Those of us who like to pull a voting hit and run on Election Day are going to grind to a halt when we walk into the polling place in November.
You won’t be able to tell the ballots without a scorecard.
So far, five — count ‘em, five — statewide ballot measures will face Illinois voters on Nov. 4. Attempts at two others have been stifled by legal obstacles.
Not one of the questions that made it to the fall ballot has a clear-cut answer nor is any of them easy to decipher. This is a ballot shaping up to be unlike any in Illinois history, but if you’re in the court of public opinion that loves democracy in action, get ready for the gavel to drop on a doozy of a lineup:
- The millionaire’s sales tax. Gov. Pat Quinn signed off late last month on a long-debated measure to tax millionaires to raise funds for education. The advisory question asks voters whether the Illinois Constitution should be amended to require that each school district receive additional revenue, based on their number of students, from an additional 3 percent tax on income greater than $1 million. My money’s on the millionaires winning this one, even if they lose at the polls.
- The Right to Vote Amendment, a legislatively referred constitutional amendment, seeks to ensure that no person shall be denied the right to register to vote or to cast a ballot in an election based on race, color, ethnicity, language, national origin, religion, sex, sexual orientation or income.
The punster in me says I’m glad they threw in the part about income since so many people like to vote with their pocketbook. But the more pragmatic side of me understands this as a serious issue.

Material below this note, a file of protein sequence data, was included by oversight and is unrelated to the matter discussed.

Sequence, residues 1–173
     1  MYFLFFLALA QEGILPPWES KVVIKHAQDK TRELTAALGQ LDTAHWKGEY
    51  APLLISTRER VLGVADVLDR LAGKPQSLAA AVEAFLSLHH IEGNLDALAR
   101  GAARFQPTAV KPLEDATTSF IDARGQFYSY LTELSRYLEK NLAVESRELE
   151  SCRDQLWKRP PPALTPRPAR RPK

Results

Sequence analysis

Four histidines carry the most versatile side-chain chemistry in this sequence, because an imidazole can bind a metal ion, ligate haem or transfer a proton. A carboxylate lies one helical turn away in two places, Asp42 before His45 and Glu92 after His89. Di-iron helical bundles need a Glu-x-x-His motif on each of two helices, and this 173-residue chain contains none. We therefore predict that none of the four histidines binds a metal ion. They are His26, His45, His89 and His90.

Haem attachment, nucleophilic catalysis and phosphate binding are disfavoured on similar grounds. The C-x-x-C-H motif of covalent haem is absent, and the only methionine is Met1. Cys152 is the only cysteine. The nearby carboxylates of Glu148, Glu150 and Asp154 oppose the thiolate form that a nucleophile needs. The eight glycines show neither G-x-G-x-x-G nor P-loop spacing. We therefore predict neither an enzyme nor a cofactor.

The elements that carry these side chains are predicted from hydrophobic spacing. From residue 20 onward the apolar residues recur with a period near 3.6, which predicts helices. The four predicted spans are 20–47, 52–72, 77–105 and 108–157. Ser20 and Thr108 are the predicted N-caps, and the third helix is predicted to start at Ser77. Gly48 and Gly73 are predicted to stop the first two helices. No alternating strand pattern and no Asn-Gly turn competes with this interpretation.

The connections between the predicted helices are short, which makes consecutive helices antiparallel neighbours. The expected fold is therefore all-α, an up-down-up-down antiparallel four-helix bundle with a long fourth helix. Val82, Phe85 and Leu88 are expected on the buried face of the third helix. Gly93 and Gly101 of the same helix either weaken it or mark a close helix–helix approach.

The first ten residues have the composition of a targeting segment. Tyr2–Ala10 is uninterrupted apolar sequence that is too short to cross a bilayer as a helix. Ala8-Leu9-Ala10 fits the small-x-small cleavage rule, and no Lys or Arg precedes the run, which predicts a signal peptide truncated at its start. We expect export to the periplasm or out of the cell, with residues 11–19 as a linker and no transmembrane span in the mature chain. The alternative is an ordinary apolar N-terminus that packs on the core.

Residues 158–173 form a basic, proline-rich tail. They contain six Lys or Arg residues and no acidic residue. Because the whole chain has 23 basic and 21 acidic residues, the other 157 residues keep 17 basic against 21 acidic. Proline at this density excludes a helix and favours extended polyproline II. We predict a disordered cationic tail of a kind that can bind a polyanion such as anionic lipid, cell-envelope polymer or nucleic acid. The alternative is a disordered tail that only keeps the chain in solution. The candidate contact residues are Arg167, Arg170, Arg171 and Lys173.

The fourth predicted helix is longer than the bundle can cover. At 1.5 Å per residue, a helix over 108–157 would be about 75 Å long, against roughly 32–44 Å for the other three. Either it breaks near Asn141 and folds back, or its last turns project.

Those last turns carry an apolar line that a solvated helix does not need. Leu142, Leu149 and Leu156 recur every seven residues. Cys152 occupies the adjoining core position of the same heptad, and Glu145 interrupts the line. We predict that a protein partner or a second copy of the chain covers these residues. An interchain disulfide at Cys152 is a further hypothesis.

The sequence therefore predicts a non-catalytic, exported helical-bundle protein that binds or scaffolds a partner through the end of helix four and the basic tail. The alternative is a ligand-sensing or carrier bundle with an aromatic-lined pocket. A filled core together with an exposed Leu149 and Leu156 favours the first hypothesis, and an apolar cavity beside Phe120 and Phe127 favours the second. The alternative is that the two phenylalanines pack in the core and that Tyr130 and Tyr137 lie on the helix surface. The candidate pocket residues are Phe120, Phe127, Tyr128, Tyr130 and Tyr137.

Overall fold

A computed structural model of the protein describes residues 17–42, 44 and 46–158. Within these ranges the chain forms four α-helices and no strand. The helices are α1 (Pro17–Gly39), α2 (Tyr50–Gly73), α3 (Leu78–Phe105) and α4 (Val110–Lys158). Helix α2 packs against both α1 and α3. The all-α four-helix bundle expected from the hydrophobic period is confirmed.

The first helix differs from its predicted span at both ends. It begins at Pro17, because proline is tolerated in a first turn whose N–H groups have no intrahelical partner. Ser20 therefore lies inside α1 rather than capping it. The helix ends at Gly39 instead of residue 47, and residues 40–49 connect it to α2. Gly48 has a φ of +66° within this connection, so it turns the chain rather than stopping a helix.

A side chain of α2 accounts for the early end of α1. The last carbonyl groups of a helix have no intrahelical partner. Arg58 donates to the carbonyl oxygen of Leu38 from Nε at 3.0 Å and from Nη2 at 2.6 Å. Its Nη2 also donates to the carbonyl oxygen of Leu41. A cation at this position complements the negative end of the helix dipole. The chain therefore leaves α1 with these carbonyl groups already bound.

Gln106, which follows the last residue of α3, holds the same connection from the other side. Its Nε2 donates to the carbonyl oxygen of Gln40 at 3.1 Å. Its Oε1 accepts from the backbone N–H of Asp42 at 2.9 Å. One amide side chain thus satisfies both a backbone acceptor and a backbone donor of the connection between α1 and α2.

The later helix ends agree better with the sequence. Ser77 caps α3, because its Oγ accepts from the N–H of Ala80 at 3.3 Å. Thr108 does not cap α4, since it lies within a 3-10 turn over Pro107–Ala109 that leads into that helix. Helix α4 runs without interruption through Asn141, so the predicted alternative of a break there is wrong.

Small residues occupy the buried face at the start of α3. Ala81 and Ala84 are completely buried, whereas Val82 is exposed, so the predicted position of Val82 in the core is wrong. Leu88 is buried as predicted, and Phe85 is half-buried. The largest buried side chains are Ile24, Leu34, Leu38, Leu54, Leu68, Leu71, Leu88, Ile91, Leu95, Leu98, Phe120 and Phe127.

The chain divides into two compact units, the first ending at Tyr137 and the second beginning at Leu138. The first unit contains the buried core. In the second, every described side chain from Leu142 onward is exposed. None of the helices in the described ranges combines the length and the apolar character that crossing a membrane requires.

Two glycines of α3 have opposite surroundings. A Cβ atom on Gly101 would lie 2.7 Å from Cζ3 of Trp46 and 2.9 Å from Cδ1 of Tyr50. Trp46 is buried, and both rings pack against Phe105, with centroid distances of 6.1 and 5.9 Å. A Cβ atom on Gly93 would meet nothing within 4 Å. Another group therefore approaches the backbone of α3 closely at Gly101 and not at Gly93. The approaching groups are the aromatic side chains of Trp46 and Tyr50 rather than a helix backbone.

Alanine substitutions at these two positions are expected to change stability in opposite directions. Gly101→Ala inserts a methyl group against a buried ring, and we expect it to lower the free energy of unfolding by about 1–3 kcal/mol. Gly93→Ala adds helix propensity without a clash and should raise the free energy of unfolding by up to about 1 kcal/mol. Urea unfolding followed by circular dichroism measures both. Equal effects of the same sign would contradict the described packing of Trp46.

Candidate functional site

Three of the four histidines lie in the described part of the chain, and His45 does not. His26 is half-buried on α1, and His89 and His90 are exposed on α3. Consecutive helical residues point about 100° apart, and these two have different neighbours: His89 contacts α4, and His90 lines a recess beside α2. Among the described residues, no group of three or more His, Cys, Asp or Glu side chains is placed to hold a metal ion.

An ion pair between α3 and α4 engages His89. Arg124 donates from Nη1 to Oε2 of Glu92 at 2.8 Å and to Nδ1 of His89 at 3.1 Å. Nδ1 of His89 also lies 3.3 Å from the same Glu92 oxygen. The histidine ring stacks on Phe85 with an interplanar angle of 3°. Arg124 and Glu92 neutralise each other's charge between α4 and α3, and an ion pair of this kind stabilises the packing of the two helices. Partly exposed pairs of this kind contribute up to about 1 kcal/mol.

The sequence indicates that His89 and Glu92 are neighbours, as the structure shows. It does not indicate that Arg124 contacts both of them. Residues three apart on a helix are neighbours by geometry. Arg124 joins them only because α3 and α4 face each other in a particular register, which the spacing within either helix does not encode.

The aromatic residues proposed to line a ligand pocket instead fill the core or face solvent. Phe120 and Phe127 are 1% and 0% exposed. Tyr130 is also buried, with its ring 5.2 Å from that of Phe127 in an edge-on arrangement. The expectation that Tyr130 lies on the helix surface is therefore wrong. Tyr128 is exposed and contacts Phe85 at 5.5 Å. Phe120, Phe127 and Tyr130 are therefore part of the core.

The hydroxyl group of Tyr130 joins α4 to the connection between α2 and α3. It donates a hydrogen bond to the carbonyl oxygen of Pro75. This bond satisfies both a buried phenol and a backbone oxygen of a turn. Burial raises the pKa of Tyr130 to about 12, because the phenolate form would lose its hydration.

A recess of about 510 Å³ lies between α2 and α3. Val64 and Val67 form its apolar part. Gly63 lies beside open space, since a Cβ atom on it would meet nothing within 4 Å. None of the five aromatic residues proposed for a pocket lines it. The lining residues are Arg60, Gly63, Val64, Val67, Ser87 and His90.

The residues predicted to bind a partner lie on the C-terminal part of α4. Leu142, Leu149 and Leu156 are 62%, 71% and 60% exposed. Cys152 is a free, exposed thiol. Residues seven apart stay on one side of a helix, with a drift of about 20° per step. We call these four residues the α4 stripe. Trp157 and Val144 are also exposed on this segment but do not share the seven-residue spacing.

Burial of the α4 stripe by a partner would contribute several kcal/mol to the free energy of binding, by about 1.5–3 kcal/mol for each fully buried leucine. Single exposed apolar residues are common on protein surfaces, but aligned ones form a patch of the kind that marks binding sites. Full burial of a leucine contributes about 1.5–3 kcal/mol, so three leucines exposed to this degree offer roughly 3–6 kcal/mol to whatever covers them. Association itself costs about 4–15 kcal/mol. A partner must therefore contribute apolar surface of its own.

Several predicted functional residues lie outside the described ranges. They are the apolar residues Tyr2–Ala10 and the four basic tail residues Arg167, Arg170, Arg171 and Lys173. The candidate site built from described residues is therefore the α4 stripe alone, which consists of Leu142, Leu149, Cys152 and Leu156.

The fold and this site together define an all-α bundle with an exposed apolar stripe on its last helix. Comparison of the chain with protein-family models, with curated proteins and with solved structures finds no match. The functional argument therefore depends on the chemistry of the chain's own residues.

The ballot question is purportedly attempting to deter a voter identification card law from taking shape in Illinois, which some feel could unnecessarily add to current requirements and dissuade people from voting in future elections.
- Establishing a Crime Victims’ Bill of Rights, a measure to strengthen the rights of victims during criminal court proceedings. This one also was referred by the Legislature and will require a constitutional amendment. Essentially, the rights that are now specifically granted to crime victims in the state constitution would be broadened to grant victims the right to be free from harassment throughout the criminal trial process and to be notified of such things as arraignments and sentencings.
I can’t see many people objecting to this on its face, and since altering any part of the constitution requires approval of the people, let them have a say. Still, there is a side to me that says existing law regulates such abuse and nothing we do as voters is going to stop it from occurring.
- Advisory question on increasing the state’s hourly minimum wage to $10. Clearly, the Legislature is wanting to take the public’s pulse before increasing the minimum wage from $8.25 an hour. And while I don’t see this measure failing, I also don’t think many people understand the ramifications of taking such across-the-board action, especially on small-business owners.
We would, however, be better off if businessmen adhered to the words of the late Robert Bosch. The industrialist famously said: “I don’t pay good wages because I have a lot of money; I have a lot of money because I pay good wages.”
The Illinois Birth Control in Prescription Drug Coverage Question. The advisory measure asks voters whether prescription birth control should be covered in health insurance plans. No matter how this one comes out, somebody ain’t gonna be happy. Watch for the debate.
Another question that did not make it to the ballot and is stalled in court, deals with mandatory term limits. Supporters of the measure want to see lawmakers’ terms limited to eight years. If the measure does end up on the ballot, it will be the first time Illinois residents have voted on a binding initiative since 1980.
A court decision would be needed by Aug. 22, which is when the Illinois State Board of Elections is set to certify the fall ballot.
All of the above begs the question of why so many measures are appearing on the ballot this fall. Critics claim it’s the work of a Democrat-fueled Legislature trying to drive its political base to the polls by asking questions that largely appeal to lesser-income individuals.
If true, I’d remind legislators that term limits are intended for politicians who ask too many questions for the wrong reason.